Up next: 10-year TIPS reopens at auction May 21, 2015

It’s been an interesting couple of weeks for Treasury Inflation-Protected Securities, and all government bonds. Yields are rising – the 10-year German bund, for example, is currently yielding 0.73%, up from 0.07% just three weeks ago. In that same time, the yield on a 10-year US Treasury rose from 1.87% to 2.27%. And the yield on a 10-year TIPS rose from -0.02% to 0.41%.

So rates are on the rise, and while this makes TIPS more appealing as an investment, it strikes hard at TIPS mutual funds. The price of the broadly invested TIP ETF, for example, has fallen from $115.49 on April 17 to $112.16 on May 13, a decline of 2.9%.

All of this is leading up to a reopening auction next week of CUSIP 912828H45, which first auctioned on Jan. 22 with a real yield to maturity (after inflation) of 0.315% and a coupon rate of 0.250%. It reopened on March 19 with a real yield of 0.2%, the lowest yield for an 9- to 10-year TIPS at auction since May 2013.

Thursday’s 9-year, 8-month auction will be the final reopening of this TIPS, and it could end up being a fairly attractive offering. Here is where things stand today:

  • This TIPS is currently trading on the secondary market. Bloomberg’s Current Yields page shows it trading at 0.37% this morning – with a price of about $98.88 per $100 of par value. It is priced at a discount because the yield is higher than that coupon rate of 0.250%.
  • The Wall Street Journal’s Closing Prices page shows this TIPS – which matures on Jan. 15 2025 – closed Wednesday with a yield of 0.370% and the same price, about $98.88 for $100 of par value.
  • You can also see on that WSJ chart that this TIPS has an inflation index of 0.993, which means it hasn’t yet risen to par value after several months of deflation. This index will rise to 0.996 on the auction closing date of May 29, which will also slightly lower its adjusted price at auction. View detailed index data.
  • Finally, the US Treasury’s Real Yields Curve page, which estimates the yield of a full-term 10-year TIPS, showed a yield of 0.41% yesterday.

This auction is a week out, and a lot can happen in a week. But at this point it looks like this TIPS could end up with an after-inflation yield in the 0.35% to 0.45% range, and it will be priced at a discount.

Inflation breakeven rate. If we peg this TIPS at 0.37% and the 10-year nominal Treasury at 2.27%, we get an inflation breakeven rate of 1.90%, still in the cheap range but creeping toward the neutral area (2.0% to 2.5%). This means if inflation averages more than 1.9% over the next 10 years, this TIPS will outperform at traditional Treasury. And I’d say that number will make this TIPS attractive for many investors. Here is a five-year chart of breakeven rates for the 10-year TIPS:

breakeven ratesKey question. Are higher yields coming? Who knows. The Treasury will offer a new 10-year TIPS in July and that one will reopen in September and November. An investor who thinks yields will be rising can afford to wait for that new July issue.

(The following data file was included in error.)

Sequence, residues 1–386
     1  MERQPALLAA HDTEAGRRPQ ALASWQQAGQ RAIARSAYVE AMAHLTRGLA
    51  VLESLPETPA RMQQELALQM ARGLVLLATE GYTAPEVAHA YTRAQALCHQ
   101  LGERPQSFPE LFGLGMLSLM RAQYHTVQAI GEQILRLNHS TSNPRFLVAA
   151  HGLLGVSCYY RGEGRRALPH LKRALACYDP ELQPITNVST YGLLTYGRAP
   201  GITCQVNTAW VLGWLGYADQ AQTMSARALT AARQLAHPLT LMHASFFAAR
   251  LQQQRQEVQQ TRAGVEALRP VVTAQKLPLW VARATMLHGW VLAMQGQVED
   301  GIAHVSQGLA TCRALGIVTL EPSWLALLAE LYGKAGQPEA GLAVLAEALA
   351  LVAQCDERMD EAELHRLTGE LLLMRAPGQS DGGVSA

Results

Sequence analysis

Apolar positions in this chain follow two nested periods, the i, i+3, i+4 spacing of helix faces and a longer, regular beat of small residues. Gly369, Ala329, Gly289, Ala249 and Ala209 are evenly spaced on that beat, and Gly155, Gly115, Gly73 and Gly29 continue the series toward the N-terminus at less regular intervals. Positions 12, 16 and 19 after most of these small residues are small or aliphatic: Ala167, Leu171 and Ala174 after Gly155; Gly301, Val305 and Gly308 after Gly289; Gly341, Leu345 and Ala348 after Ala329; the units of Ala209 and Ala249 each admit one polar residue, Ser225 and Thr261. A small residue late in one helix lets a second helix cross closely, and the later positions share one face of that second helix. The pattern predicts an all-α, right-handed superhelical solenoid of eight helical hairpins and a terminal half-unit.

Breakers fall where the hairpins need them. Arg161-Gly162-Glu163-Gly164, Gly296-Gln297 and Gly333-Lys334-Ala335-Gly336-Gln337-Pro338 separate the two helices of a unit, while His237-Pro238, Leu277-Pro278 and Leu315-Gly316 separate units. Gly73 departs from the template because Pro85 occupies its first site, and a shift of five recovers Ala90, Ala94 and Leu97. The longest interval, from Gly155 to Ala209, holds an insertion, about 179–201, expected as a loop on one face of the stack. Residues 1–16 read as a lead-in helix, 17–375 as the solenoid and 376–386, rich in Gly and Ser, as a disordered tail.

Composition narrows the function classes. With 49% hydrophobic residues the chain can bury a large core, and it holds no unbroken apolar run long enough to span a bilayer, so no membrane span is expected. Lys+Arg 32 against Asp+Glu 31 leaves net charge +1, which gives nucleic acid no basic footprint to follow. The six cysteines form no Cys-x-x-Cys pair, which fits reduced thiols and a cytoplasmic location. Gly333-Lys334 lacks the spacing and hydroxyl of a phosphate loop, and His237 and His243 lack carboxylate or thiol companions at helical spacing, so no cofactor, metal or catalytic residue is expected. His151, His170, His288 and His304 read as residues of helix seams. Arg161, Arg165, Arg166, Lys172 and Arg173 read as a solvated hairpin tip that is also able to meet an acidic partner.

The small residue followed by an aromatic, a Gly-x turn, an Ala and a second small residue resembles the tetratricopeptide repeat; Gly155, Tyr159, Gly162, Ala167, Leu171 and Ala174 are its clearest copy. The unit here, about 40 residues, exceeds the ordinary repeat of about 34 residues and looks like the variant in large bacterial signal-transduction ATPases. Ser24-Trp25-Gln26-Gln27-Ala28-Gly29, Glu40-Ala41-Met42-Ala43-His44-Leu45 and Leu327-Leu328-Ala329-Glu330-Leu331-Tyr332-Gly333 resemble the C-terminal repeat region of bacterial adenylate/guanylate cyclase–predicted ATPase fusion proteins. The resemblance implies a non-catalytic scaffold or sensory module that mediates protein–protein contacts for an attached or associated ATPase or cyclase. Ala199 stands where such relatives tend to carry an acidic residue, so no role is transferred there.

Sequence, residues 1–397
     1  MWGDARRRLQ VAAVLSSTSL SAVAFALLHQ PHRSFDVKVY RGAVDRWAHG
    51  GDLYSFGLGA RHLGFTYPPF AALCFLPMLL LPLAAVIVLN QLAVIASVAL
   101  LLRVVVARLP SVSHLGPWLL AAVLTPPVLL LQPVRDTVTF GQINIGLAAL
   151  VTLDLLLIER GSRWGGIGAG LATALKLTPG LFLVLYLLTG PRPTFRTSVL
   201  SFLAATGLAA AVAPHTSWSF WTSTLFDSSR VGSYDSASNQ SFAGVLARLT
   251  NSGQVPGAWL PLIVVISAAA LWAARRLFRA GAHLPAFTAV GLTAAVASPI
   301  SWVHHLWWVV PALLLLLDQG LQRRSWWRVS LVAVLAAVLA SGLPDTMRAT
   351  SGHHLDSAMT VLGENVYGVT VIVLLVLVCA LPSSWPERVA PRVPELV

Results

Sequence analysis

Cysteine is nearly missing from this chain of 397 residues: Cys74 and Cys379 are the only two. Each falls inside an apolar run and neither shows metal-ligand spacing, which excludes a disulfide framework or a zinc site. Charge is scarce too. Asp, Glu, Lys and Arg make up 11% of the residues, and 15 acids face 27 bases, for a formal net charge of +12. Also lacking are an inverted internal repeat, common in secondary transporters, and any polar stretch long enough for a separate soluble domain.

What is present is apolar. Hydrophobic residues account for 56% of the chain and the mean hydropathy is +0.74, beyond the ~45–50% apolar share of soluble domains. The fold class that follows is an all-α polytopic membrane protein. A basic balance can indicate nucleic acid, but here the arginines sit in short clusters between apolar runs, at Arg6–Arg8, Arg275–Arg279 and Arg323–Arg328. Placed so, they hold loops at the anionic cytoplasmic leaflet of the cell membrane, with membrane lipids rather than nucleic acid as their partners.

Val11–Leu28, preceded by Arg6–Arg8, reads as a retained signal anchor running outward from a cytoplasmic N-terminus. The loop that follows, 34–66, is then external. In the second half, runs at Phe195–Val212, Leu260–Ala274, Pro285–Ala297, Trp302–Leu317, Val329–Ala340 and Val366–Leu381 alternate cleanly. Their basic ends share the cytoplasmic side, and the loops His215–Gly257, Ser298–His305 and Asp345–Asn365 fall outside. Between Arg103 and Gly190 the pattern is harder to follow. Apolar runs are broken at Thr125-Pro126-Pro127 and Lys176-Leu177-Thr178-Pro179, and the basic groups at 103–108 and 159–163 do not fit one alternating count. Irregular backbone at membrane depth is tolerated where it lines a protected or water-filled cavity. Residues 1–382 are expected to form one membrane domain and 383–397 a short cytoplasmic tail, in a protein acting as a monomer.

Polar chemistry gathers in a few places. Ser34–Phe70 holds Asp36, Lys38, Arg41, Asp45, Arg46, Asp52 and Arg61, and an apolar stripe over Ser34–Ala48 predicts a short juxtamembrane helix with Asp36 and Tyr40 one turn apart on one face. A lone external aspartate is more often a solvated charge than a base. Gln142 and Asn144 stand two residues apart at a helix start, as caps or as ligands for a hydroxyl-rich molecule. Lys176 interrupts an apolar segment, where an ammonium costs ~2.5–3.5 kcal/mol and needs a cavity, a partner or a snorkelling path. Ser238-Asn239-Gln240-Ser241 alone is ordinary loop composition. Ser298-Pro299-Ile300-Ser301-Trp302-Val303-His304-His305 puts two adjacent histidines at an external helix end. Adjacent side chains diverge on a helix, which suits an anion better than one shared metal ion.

Here is the history of all 9- to 10-year TIPS auctions since January 2008. Study this chart, and you can see it has been a wild ride. Is 0.40% a ‘normal’ after-inflation yield for a 10-year TIPS? It might be today, but not in the past.

10-year TIPS auctions

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3 Responses to Up next: 10-year TIPS reopens at auction May 21, 2015

  1. Len says:

    Well if I assume an inflation rate of 2% and a marginal federal income tax rate of only 15% that leaves me with a real, after tax, return of about …. zero. For the next ten years. Given that 2% inflation is the Fed’s target I’m not inclined to bite at this offering myself.

  2. Jimbo says:

    Back in January, I turned my nose up at the initial offering that had a YTM of .315%. Heck, in December I bought some 5 year TIPS that had a YTM of .395%. So, I wasn’t too impressed with purchasing a 10 year TIPS with a lower yield than those 5 year TIPS.

    Today, the yield on the 10 year “soared” to over .400%. So, I picked-up a few of them on the secondary market for $98.546 (inflation adjusted, $98.05). This is purely an inflation hedge. All I want to do is preserve purchasing power.

    Since I’ll probably pack it in and retire next year, I’ve been looking into how to handle the required minimum distribution for my retirement assets. It just dawned on me that the market value of the TIPS are going to be reported to the IRS.

    Some of the TIPS I own have a market value that’s considerably higher than the “book” value of the bonds due to the deflation that occurred earlier this year. In fact, some of them have an inflation adjusted value for less than what I purchased them on the secondary market.

    From a tax standpoint, it won’t matter much for the next few years. Since I’ll only be drawing down the retirement accounts up to the amounts of my deductions and exemptions, I’ll have zero taxable income. The rest of the money I need will be coming from non-retirement accounts.

    However, once I start taking Social Security that situation will change. The only way out of this strange situation is to sell the TIPS that have a negative book value and a positive market value. I don’t see much sense in paying taxes on phantom gains.

  3. tipswatch says:

    Jimbo, I’m not a tax expert, but if you sell those TIPS you are still locking in those gains, and everything remains in an tax-deferred account. Anything above your non-taxable contributions to an IRA account will be taxable, and I guess that is figured as a percentage of the money you withdraw. So if you sell, and let’s say buy a bank CD, won’t the same amount still be taxable when you take a required minimum distribution. I am a few years away from retirement, so I haven’t really thought this through. Lots and lots of blog topics in the years to come.

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